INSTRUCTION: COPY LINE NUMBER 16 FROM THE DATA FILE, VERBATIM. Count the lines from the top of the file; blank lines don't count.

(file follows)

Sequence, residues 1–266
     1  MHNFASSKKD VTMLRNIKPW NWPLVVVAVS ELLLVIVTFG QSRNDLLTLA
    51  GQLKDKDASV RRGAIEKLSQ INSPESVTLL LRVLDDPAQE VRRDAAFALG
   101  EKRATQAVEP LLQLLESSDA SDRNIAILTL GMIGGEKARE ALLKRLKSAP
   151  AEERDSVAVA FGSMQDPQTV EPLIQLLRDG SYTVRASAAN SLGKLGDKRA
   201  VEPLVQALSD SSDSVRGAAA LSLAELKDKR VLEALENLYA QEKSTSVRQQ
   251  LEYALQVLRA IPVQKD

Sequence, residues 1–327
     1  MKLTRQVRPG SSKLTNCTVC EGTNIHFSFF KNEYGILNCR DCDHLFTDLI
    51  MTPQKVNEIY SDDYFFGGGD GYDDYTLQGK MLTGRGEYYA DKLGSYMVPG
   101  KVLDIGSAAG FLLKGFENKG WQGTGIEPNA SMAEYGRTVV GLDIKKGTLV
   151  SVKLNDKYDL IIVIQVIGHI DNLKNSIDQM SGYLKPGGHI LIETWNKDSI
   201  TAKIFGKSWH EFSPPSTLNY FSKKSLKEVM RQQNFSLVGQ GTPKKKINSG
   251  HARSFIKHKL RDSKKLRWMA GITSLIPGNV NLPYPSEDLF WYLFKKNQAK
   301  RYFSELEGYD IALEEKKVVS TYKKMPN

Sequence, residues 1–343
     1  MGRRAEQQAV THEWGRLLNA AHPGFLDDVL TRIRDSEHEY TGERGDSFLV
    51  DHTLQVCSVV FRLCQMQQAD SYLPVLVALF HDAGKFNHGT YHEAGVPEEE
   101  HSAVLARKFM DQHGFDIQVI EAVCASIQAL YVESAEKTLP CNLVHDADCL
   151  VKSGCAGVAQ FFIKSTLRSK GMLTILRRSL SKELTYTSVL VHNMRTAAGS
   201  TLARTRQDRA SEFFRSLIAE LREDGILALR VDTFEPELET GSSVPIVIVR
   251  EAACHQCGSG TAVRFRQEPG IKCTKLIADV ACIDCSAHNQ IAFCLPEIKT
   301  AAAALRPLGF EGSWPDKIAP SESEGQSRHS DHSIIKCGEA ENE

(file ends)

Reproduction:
Sequence, residues 1–343